But the young Longhorns had lately begun to jell. The night before the start of the Dallas meet, the No. 9-ranked Longhorns stunned No. 2 Florida 65-46 in a dual meet in Austin. It was no fluke, either; Texas has depth, balance and a star in Doug Gjertsen, who as a freshman last year won the 200 backstroke and was the fourth-highest point scorer at the NCAA championships. Gjertsen's win in the 200 back in 1:48.01 on Saturday night moved his team into a slight lead.
The races fired off in rapid succession, Texas gaining a point here, Cal, a point there. With only the 200-free relay remaining, the Longhorns were ahead 261�-260.
Just a year ago Cal would have trounced Texas in the 200-free relay; the Bears had Biondi, and the Longhorns had virtually no sprint freestylers. But Texas coach Eddie Reese has developed a pair of unheralded sprinters who may yet carry Texas to an NCAA title. One is Keith Anderson, a sophomore out of Hattiesburg, Miss. The other is Jordan.
Jordan, who calls himself Reese's "K Mart blue-light special," was not widely recruited coming out of Highland Park High in Dallas, and he showed up at Texas in the fall of 1986 looking less than ferocious. "He had 139 pounds on a six-foot frame," recalls Reese, who red-shirted Jordan, used weight work to build him up by 25 pounds and taught him everything except how to tie a drawstring. Even with the added weight, Jordan looks like the kind of guy a swimsuit would slip off.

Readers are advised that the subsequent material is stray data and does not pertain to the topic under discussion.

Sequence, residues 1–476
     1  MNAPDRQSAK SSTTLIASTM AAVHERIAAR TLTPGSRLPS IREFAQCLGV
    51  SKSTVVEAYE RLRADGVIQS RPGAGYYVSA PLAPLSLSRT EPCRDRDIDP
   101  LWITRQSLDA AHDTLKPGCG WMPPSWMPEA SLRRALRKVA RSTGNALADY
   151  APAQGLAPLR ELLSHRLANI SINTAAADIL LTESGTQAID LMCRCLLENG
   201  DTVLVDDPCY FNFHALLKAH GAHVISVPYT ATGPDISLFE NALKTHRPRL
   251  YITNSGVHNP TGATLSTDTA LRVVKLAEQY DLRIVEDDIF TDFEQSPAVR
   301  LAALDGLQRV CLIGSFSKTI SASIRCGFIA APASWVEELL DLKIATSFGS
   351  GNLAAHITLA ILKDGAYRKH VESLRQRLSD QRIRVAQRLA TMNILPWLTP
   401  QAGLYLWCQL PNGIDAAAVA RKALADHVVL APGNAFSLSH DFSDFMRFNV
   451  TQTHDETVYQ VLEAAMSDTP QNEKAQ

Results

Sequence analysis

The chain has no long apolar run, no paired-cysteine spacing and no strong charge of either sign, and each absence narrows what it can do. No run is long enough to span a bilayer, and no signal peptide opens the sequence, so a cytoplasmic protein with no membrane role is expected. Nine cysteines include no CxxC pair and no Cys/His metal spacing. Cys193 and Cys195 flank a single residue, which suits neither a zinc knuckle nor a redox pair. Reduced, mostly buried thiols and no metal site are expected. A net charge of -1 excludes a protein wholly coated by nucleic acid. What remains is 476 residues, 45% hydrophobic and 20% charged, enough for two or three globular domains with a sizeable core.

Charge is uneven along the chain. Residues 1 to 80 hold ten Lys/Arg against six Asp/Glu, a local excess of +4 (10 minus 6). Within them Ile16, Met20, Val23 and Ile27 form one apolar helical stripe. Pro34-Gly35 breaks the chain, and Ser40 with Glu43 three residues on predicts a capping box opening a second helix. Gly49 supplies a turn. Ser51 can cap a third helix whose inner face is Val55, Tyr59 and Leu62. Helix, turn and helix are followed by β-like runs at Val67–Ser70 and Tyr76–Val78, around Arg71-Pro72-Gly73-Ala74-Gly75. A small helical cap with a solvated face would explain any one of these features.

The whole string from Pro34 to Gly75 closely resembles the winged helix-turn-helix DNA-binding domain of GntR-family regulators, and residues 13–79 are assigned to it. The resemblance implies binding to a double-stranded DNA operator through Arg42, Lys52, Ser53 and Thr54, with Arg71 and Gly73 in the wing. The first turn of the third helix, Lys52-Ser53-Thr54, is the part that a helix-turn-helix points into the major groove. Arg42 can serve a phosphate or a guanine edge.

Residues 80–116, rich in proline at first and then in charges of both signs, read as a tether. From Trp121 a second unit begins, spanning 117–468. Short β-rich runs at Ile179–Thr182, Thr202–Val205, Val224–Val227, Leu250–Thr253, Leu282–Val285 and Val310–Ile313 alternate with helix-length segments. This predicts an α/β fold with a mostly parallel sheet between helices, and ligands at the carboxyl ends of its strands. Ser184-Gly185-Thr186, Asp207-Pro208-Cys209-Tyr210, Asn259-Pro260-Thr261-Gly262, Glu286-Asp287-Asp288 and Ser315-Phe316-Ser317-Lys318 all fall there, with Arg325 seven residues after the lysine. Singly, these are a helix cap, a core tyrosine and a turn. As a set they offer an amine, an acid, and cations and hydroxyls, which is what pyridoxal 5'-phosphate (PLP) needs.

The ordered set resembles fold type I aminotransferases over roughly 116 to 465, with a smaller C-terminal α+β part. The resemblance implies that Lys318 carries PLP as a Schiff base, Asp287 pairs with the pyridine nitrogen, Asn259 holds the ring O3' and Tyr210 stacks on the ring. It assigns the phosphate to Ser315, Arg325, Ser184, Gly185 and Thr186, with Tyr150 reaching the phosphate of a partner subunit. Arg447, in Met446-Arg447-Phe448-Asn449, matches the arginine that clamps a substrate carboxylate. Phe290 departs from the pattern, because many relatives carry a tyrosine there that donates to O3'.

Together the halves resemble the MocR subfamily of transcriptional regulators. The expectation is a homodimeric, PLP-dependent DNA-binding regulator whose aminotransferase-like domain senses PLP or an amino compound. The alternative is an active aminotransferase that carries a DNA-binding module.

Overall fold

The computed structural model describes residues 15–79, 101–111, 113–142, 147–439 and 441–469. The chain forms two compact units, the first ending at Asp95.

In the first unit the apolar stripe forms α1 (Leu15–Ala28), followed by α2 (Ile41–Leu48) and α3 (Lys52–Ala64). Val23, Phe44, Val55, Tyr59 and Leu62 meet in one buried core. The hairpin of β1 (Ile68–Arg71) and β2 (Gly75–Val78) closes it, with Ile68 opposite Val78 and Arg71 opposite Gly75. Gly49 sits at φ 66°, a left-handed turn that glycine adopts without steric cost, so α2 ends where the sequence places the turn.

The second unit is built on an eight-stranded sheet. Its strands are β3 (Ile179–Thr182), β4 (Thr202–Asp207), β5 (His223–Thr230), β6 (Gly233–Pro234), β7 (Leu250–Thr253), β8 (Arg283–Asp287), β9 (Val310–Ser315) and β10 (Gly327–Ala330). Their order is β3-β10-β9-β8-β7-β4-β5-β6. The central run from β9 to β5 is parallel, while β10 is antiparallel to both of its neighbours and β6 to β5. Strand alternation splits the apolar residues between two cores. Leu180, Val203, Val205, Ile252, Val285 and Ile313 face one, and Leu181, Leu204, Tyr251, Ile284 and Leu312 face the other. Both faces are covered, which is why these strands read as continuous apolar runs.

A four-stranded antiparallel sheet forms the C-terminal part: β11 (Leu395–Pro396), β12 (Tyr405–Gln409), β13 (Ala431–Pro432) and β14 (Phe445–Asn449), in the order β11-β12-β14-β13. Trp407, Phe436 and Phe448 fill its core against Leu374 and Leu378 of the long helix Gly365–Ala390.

Swimming anchor on Saturday night, Jordan entered the pool half a body length behind Cal's Sean Killion and scorched his 50 yards in 19.9 seconds to give Texas a winning time of 1:22.56. SMU came in second at 1:22.58, and Cal was third in 1:22.70. The Longhorns won the meet with 285� points; the runner-up Golden Bears finished with 278.
"I don't believe it," said Reese with a grin and a shake of his head. "I'd never have guessed."
It's anyone's guess, of course, whether Texas will have as much success at the NCAAs in Indianapolis in April. Favorite USC will have four American-record holders in its lineup. In fact, if history is any guide, the Longhorns may be in trouble: The winner of The Dallas Morning News meet has never, for whatever reason, won the NCAAs.
"This has been quite a showcase," said Thornton when it was over. His team had lost, but he was smiling. It seemed apt. After all, that's the essence of good entertainment: sending them home happy.